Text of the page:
Methods for the preparation and standardization of reagents suitable for studies on the bactericidal action of the properdin system are described. The preparation and properties of serum free of properdin (RPb) are presented in detail because of the necessity for a suitable RPb in these studies.
The properdin system is responsible for the bactericidal action of normal human serum against a variety of microorganisms. The present work shows that the removal of properdin from serum also removes bactericidal activity. Addition of properdin to properdin-deficient serum restores bactericidal activity. A quantitative relationship exists between the final properdin concentration and bactericidal activity against sensitive organisms. The possibilities of a bactericidal assay for properdin are discussed.
It is demonstrated that, in addition to properdin, the four components of complement (present in RPb) are necessary for the destruction of properdinsensitive bacteria. If any component is missing, bactericidal activity is lost; when the component is replaced, bactericidal activity is restored. Magnesium is also necessary for the bactericidal activity of the properdin system. Maximal bactericidal activity is obtained with magnesium concentrations similar to that of normal human serum (10–3 to 10–4 M). The bactericidal activity of the properdin system occurs only at temperatures above 15°.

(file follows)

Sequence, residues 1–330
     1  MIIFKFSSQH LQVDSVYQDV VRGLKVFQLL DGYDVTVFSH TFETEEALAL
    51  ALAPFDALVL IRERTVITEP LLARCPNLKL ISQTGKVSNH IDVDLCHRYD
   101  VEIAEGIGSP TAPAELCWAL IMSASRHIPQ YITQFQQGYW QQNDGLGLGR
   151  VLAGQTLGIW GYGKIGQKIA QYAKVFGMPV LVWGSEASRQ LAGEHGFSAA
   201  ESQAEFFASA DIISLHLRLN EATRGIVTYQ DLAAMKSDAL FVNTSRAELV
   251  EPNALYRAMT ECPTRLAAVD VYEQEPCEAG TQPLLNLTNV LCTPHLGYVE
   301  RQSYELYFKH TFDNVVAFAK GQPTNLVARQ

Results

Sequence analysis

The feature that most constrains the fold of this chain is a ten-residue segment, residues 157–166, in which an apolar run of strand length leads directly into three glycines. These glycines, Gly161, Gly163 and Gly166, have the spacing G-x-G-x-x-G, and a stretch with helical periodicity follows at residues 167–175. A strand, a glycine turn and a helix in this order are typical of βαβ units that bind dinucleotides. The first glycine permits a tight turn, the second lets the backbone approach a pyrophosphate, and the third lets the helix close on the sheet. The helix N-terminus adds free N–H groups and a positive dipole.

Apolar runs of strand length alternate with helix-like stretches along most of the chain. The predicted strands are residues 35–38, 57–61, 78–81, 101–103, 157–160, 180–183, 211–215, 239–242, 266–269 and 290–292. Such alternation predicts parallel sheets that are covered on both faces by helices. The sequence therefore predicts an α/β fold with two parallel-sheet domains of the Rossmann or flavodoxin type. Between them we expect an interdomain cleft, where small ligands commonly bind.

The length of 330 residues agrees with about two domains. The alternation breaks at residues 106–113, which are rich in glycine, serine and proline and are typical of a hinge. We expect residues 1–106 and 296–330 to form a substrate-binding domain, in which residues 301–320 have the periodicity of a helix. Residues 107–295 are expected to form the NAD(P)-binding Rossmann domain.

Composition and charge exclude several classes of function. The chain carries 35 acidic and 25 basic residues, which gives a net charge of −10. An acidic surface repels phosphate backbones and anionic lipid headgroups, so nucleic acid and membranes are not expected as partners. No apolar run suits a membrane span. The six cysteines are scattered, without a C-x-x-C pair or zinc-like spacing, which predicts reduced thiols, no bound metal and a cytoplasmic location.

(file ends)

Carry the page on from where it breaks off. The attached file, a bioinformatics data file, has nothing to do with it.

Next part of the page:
Resistant strains have been encountered in species of bacteria sensitive to the properdin system. Resistance or sensitivity is a characteristic of the individual strain and not of the species.
The widespread occurrence of the properdin system in normal mammalian serum and the variety of bacteria destroyed by it suggest that the properdin system is a factor in natural resistance.